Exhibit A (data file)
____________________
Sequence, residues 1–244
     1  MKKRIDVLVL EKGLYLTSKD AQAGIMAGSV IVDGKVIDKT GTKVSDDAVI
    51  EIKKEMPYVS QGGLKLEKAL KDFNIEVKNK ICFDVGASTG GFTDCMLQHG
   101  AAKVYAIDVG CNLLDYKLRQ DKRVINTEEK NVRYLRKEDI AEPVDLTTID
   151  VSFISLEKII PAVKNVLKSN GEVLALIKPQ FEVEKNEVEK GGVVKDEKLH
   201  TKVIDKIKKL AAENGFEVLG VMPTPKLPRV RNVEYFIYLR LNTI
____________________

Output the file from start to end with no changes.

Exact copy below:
Sequence, residues 1–244
     1  MKKRIDVLVL EKGLYLTSKD AQAGIMAGSV IVDGKVIDKT GTKVSDDAVI
    51  EIKKEMPYVS QGGLKLEKAL KDFNIEVKNK ICFDVGASTG GFTDCMLQHG
   101  AAKVYAIDVG CNLLDYKLRQ DKRVINTEEK NVRYLRKEDI AEPVDLTTID
   151  VSFISLEKII PAVKNVLKSN GEVLALIKPQ FEVEKNEVEK GGVVKDEKLH
   201  TKVIDKIKKL AAENGFEVLG VMPTPKLPRV RNVEYFIYLR LNTI